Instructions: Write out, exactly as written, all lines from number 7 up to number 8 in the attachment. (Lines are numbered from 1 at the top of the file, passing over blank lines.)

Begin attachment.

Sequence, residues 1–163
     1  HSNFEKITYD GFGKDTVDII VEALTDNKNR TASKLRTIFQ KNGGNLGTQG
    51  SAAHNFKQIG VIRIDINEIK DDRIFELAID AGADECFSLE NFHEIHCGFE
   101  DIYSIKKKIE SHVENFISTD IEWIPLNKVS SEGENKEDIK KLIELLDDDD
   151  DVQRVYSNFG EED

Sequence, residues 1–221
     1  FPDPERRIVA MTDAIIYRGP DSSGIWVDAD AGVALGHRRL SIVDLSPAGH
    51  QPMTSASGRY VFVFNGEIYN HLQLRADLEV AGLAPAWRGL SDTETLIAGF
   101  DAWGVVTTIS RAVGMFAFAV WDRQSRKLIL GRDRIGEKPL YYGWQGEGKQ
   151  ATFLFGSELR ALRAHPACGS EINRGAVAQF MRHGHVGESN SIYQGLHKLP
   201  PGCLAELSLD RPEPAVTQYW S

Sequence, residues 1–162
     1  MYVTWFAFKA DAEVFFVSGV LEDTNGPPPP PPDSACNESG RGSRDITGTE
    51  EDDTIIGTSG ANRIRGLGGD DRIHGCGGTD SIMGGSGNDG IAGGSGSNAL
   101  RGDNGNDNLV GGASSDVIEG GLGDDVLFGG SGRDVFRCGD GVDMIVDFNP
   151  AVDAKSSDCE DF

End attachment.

     1  FPDPERRIVA MTDAIIYRGP DSSGIWVDAD AGVALGHRRL SIVDLSPAGH
    51  QPMTSASGRY VFVFNGEIYN HLQLRADLEV AGLAPAWRGL SDTETLIAGF